If there’s one thing some people believe to be poxier than the random act of fashioning a career out of sportswriting then it’s that select group of journalists for whom pontification about the games we play is performed from the comfort of their own couches, remote control at the ready, and kettle constantly on the boil.
Yep, the TV sports critic has quite the life.
Not for them the intolerable toil of having to trudge out the front door to see top-class action unfold; the fretting over whether your seat (which probably isn’t even bang on the halfway line, goddamit!) comes with a TV for instant replays; or the nerve-shredding lottery that is the free pre-match grub and whether it is a delicious hot curry or a cold ham sambo.
Why bother when Tommy Martin can set the scene for you?
Look, nothing beats being there — we may have seen that on an ad once, as it happens — but there is undeniable value in those few lucky men and women who are paid — paid! — to sit on the sofa and write about Richie Sadlier’s thought on the PSV right-back, or how Pat Spillane was giving Joe Brolly daggers at half-time.
Your armchair critic can’t see whether Glenn Whelan is doing something extraordinary off the ball to explain those 84 Irish caps — spoiler: he doesn’t — but the extra distance from the action can, and often does, lend itself to a more dispassionate and considered view of proceedings.
Even better is the fact that so many manage it with such delicious traces of humour.
Few have been better than Martin Kelner who wrote a Guardian column about sport on TV for donkey’s years and whose 2012 book, Sit Down and Cheer: A History of Sport on TV, was a superb account of how two pillars of society that once viewed each other with suspicion came to embrace in a way that has spawned all sorts of unforeseen consequences.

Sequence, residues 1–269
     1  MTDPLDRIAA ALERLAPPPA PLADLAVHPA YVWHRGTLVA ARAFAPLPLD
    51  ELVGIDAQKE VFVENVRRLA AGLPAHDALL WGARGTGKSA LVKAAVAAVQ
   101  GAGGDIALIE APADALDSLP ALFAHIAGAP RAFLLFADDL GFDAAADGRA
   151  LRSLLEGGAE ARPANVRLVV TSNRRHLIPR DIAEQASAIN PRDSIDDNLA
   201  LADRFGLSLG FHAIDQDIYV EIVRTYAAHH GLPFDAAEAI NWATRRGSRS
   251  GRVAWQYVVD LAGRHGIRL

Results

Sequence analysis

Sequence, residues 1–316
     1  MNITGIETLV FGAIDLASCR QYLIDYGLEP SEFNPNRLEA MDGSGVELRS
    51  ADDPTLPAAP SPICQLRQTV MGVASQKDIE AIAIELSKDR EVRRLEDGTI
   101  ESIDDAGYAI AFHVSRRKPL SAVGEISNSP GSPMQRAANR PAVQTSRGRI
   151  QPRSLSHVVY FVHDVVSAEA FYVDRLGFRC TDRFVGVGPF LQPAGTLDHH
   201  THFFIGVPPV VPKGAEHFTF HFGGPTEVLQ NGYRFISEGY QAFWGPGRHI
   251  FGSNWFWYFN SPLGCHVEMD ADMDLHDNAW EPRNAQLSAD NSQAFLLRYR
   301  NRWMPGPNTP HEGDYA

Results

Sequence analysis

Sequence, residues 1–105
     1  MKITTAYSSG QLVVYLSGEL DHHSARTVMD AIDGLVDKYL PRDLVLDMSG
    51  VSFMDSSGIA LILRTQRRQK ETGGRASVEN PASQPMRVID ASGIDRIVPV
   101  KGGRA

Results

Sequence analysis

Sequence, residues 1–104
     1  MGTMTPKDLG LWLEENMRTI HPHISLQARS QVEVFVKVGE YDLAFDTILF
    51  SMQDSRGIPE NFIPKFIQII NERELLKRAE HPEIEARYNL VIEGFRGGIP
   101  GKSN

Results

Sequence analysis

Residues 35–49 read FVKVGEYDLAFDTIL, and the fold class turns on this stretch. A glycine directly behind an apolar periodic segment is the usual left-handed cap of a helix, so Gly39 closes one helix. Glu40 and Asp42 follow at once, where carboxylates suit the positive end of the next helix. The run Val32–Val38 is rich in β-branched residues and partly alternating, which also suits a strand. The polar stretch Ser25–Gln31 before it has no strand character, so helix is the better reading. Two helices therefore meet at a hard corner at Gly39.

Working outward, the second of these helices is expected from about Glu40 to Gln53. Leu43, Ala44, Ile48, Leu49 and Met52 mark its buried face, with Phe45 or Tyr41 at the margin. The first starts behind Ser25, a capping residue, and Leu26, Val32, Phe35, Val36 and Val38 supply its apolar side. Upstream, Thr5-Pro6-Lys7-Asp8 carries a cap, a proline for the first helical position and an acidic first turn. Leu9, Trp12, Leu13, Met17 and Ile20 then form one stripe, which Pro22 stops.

One of those, according to Kelner, has been the manner in which prime-time progamming that once had less to do with sport than Declan Rice has with Martin O’Neill’s current Republic of Ireland squad has begun to resemble nothing so much as the English Premier League, the Ryder Cup, or the Formula 1 season in disguise.
We have, to be blunt, come a long way from Noel’s House Party.
The Great British Bake Off, Dancing with the Stars, Home of the Year: What are they if not rip-offs of a competitive format that was once reserved for World Cups, the All-Ireland championships, and that late-night indoor bowls programme that used to send us to sleep on BBC2?
Some people say TV has ruined sport but there’s a strong case to argue that the opposite is true.
It’s easy to see why and how it all came to this.
Sport simplifies everything.
Baking, as anyone who has tried mastering even a batch of cupcakes for a pair of sugar-deprived kids knows, is a difficult and complicated enterprise: Just try replicating that recipe you watched Donal Skehan whip up on the box if you’ve any doubts.
Adding the competitive element to it cuts through all that. Who cares if its a teaspoon or a tablespoon of cream soda you use? Will Samantha from Blackpool get that meringue finished before the clock runs out? This stuff can, in a strange and deeply unsettling way, be every bit as gripping as a Champions League penalty shoot-out.
This sportification of TV demands emotional investment. It transforms the viewer from passive onlooker into fervent supporter. Who, for instance, hasn’t had a favourite on Dancing with the Stars? Not me, actually. Never watched it, but you get the picture. This trigger to choose sides, to decide between ‘them and us’, just as fans do on the terraces, has become the norm.
This dumbing down and entrenchment behind a person, team or cause has been enabled further by the technological advances that gave us social media. Now our newly-discovered dedication to that adorable kid on X-Factor can be expressed in the most partisan and objectionable terms on Twitter, Facebook or Instagram. “What do you mean you preferred the Peruvian mime artists, you prick?”
Nuance and debate have been elbowed to the margins, like a nippy but slightly-built winger. Truth is it’s exhausting having to care so much and so often. TV is meant to be a time for winding down, for dunking Ginger Nuts in our tea, although it will be a cold day in hell before we get exercised about live coverage of Valencia and Young Boys or the Europa League.
The consensus is that Netflix and hand-held devices and the like are killing what we all knew to be the traditional telly experience but sport’s colonisation of the magic box in the corner should take its own turn in the dock because, if it isn’t Juventus v Manchester United live from Turin, then it’s Man V Food from Randy’s Wooster St Pizza Shop in Hartford, Connecticut.
It’s time for TV to change the tune rather than the channel.
Email: email@example.com Twitter: @byBrendanOBrien